• Giving = gave faithfully all year

For 2011 – accrued through February:

  • Debt reduction = $1,317
  • Giving = faithfully

Some people may argue that I should have used the savings to repay debt, but for our situation, saving this amount was the best decision.  The best decision will most likely be different for you, as it should be… personal finance is personal.

Thoughts

As I said before, I am very excited to watch my debt burden decrease more speedily this year.  With the solid foundation of savings and sound budgeting firmly in place, debt repayment can now garner our full attention. This is important because fixed monthly debt reduction plans can seem slow at times and the ability to focus your dollars on a single goal can be a big psychological boost (which is the foundation of the Financial Peace University plan.) For us saving more than $1,000 was necessary, but I sure am glad we’re finally at a point where our savings is sufficient for us to focus entirely on our debt snowball.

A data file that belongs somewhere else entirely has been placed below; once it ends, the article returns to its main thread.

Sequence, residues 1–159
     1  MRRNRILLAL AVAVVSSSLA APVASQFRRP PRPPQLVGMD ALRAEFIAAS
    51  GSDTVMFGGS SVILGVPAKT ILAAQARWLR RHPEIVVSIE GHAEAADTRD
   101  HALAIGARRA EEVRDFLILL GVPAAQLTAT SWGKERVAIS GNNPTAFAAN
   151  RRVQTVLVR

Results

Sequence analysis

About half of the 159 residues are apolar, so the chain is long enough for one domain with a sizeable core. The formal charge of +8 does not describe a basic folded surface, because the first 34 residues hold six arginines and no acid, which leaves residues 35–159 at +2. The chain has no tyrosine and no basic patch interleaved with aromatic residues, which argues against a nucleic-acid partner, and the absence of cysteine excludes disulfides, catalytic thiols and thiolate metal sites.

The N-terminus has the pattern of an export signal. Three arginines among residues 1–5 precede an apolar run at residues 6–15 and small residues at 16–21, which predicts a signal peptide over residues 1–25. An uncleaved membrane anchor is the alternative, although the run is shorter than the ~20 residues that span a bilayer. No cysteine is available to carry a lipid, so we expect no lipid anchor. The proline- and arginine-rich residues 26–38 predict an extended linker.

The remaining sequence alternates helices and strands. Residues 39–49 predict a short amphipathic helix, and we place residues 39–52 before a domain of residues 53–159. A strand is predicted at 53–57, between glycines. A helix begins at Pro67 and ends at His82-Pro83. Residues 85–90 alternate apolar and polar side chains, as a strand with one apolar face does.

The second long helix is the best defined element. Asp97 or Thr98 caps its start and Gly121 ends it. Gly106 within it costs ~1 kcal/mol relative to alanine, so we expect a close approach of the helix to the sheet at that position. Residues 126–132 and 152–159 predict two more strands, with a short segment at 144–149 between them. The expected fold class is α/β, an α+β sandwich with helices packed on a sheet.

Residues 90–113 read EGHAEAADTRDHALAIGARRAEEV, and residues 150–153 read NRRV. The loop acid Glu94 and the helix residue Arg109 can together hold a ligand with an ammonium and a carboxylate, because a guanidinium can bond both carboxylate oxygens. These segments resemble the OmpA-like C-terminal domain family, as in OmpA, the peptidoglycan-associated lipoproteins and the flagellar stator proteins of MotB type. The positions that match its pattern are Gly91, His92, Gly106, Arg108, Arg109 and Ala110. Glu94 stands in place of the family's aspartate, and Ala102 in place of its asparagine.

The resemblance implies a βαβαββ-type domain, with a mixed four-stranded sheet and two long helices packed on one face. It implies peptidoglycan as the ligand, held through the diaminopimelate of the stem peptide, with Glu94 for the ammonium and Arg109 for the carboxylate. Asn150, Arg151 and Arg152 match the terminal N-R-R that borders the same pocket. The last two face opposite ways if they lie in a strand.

I am no longer working as an IT professional and recently made the decision to change my career to certified financial planning.  I am currently attending training and already have a position lined up once I pass my federal and state certification exams.  My federal cert exam is in mid-April and my state cert exam is in mid-June.  After that I will begin taking on clients, of which I already have a decent number lined up.  I mention these things because they will obviously have an effect on my income and thusly my debt repayment abilities.